BY RUTH LEVINE
Remembrance Sunday is always a warm and peaceful event for my family. We come together at my brother-in-law’s home in Stratford to remember my husband’s late father who fought at the Battle for Caen in the summer of 1944. His medals are laid out alongside the medals of my own Grandfather who escaped Alsace in 1915 aged just sixteen to fight alongside the Allies in Belgium during the Great War. We have a good meal, some wine and usually end up going for a stroll in what is now the Queen Elizabeth Olympic Park. This year we sat by my brother-in-law’s warm fireside on a cold November afternoon. This year we drank more and walked less!
I was disappointed to read this morning that, just a short drive from where we were in Stratford on Sunday, police in Hackney are now investigating after swastikas and abusive messages were painted onto vehicles opposite the Beis Malka School near Stamford Hill.
Shomrim – the neighbourhood watch group for the Jewish community in areas like Stamford Hill, Hackney and Haringey – has posted this image of the Beis Malka anti-Semitic hate crime below:
Where we live in Wiltshire we have experienced zero hate crime as Jews in the forty-one years since we moved down the motorway from Wimbledon. We are not obviously Jewish, although we come together to celebrate the major Jewish festivals and occasionally attend a synagogue. If we were Christians, we’d probably be called the C&E crowd – those who attend church for Easter and Christmas.
In all those forty-one years, the worst (and I hate to use the word) racism we experienced was a schoolboy at my son’s school cracking some joke about how “Hitler wasn’t all wrong” but at the time we brushed that off as no biggie.
The offending boy was punished just as my son has been punished for using bad and occasionally malicious language at school, as have most other kids there at some point or another in the decade or so they attend the school. The boy apologised to my son and his parents (who I know well) came around and shared a bottle of wine with us as they were feeling bad.
Those friends we have who are non-Jewish couldn’t care one hoot about our Jewishness and we go about our lives as proud British Jews. We are not extremists and feel more a member of a club than anything else about our Jewishness. We’re integrated Britons as much as any Britons are integrated into the country we adore. We never complain about antisemitism and we have had no cause to.
Yet UK antisemitism is apparently rising:
Incidents of antisemitism rose by 11% in the first six months of this year compared with the same period in 2015, according to the Community Security Trust. The overall figure of 557 cases of malicious acts was the second highest ever recorded during a January-June period. The biggest increases this year were recorded in April, May and June, months when antisemitism in the Labour party was the subject of widespread media coverage. There were 41 violent anti-Semitic assaults among the 557 incidents, a 13% drop on the comparative 2015 period. More than three-quarters of the incidents were recorded in London and Manchester, the two largest Jewish communities in the UK. In London, there was a 62% increase in incidents, whereas in Manchester there was a 54% fall.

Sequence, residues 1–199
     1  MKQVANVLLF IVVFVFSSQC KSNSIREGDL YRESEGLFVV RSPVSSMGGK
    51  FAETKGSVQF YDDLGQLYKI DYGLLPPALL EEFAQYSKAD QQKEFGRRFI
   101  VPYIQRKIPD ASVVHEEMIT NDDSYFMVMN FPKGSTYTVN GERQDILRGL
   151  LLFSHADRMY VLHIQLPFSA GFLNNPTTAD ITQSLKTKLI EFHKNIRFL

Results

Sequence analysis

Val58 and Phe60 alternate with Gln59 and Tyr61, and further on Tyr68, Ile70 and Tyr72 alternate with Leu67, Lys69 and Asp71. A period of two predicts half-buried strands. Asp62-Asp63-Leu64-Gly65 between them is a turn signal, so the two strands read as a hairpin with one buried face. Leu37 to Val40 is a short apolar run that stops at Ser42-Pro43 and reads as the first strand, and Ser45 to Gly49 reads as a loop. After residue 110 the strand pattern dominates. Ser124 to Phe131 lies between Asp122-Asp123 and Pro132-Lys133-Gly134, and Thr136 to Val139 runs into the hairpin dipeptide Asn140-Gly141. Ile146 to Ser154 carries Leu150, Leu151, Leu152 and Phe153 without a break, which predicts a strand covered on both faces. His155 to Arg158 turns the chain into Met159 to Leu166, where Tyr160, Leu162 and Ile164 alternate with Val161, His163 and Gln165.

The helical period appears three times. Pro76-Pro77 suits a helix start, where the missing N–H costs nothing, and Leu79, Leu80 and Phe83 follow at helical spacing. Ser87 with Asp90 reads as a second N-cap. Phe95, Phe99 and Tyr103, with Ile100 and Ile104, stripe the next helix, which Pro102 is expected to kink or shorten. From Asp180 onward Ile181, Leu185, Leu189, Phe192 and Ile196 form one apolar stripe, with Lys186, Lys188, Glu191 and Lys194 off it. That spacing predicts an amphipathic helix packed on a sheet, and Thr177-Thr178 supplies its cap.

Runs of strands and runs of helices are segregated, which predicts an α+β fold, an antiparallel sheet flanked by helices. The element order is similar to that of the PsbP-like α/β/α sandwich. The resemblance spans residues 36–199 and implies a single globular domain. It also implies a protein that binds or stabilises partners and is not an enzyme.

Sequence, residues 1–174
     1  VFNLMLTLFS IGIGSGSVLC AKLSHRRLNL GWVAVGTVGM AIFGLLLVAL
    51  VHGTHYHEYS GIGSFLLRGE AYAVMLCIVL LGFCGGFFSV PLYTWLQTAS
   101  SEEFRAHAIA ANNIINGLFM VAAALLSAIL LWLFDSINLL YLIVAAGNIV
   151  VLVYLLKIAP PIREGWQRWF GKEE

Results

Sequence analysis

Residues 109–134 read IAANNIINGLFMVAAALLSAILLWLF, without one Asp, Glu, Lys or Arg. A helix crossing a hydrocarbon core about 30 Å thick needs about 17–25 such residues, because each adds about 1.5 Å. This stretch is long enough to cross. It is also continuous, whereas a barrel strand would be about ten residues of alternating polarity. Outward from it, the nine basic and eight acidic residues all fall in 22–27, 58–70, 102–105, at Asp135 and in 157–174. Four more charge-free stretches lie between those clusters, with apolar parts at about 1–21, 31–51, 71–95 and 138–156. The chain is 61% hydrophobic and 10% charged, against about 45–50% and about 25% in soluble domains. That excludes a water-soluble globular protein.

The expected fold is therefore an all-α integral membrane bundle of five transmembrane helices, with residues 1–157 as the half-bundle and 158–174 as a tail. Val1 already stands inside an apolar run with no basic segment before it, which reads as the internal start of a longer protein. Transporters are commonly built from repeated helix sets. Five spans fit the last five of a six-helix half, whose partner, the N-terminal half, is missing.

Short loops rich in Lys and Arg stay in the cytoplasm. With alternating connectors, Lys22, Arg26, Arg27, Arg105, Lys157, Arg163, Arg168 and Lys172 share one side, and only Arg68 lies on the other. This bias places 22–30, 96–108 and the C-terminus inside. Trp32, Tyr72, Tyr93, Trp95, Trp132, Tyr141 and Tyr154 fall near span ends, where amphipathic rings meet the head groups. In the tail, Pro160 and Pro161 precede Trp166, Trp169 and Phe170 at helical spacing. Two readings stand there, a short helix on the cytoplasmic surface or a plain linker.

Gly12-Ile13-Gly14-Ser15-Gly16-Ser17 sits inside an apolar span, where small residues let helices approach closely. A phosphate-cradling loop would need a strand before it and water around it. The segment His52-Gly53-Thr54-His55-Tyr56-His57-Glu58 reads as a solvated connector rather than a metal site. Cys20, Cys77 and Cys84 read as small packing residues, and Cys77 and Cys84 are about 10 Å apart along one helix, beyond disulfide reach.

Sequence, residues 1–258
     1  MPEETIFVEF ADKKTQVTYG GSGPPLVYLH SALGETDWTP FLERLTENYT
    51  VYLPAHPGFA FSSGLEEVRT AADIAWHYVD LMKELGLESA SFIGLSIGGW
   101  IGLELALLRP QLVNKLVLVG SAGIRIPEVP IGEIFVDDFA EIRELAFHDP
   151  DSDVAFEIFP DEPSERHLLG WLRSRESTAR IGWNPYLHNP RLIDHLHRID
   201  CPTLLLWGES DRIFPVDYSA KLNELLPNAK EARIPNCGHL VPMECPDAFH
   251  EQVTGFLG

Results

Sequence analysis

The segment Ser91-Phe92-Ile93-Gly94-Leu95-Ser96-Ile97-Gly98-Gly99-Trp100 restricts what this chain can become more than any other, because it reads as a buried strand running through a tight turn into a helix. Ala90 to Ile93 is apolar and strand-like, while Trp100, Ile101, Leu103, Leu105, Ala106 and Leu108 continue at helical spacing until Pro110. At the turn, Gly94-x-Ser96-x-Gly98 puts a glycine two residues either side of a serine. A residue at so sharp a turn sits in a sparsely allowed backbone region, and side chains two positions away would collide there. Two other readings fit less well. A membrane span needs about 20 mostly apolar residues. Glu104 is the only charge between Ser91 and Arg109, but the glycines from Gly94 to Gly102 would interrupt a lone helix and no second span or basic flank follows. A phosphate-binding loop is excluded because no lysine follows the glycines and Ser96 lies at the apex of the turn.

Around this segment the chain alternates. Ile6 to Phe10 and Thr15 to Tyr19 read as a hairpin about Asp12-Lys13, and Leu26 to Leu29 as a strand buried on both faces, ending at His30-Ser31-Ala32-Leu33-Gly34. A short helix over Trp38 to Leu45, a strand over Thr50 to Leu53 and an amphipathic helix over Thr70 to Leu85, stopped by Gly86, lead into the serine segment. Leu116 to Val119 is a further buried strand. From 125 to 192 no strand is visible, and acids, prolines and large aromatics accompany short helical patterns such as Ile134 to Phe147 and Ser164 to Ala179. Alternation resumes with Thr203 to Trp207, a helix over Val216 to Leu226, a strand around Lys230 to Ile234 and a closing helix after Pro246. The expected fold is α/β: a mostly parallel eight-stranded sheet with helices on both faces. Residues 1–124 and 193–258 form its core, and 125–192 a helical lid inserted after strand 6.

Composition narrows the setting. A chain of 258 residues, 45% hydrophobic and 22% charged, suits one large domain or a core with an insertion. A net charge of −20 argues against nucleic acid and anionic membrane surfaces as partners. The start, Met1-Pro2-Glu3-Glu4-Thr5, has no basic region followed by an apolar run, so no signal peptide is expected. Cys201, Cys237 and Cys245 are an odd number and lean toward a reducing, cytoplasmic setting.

There can be no doubt that anti-Semitic attacks are dreadful. People need to be educated about the Holocaust and about how extremism can lead to horrible events. I have Jewish friends who have experienced antisemitism over the years and I suppose we all worry a bit about the likes of Alternative For Germany and the Le Pens just in case antisemitism crops up somehow in their repertoire if they do get into power in Europe. I don’t worry at all about Trump being an anti-Semite even though he’s appointed Steve Bannon as his Chief Strategist, whose paper made some anti-Semitic remarks in the past. Both Trump and Bannon were successful in New York and to be successful in New York you can’t be an anti-Semite! I cannot believe for one minute that Bannon is a white supremacist as the liberal media keep on claiming.
Let’s be honest here. Someone has to. We British Jews worry much more about where large groups of radicalised Muslims live as they are by far the most anti-Semitic of all social groups in the UK and radical Islamist preachers make a point of referring disdainfully to Jews in their sermons. Stratford has a growing Muslim population and you can see why some Jews living there feel threatened.
When it comes down to it, it’s usually oiks who are responsible for racist attacks. The white neo-Nazis after they get tanked up on beer and the radical Muslims occasionally act on their words but it’s normally the hooligans, presumably like those who daubed swastikas on these vans outside Beis Malka School. You must be brainless these days to vandalise with so much CCTV around and so much media with which you can educate yourself. The police should be looking for oiks and will likely track the culprits down soon.
Once the dust has settled from Brexit and Corbyn and his bunch of anti-Semites have departed the political stage, as no doubt they will soon, then we can get back to normality here in the UK. I’d expect for there to be a drop in anti-Semitic incidents. The radical Islamist problem, alongside other cases of extremism, need to be continually addressed.
We should all condemn all racism. We should all call out all extremism on all sides. We should stop being so forward in classifying ourselves as in any way different from others in terms of our religions, sexuality and dress … and, like those men ordered into the trenches during the Great War, we should batten down and just bloody well get on together! UK PLC needs us.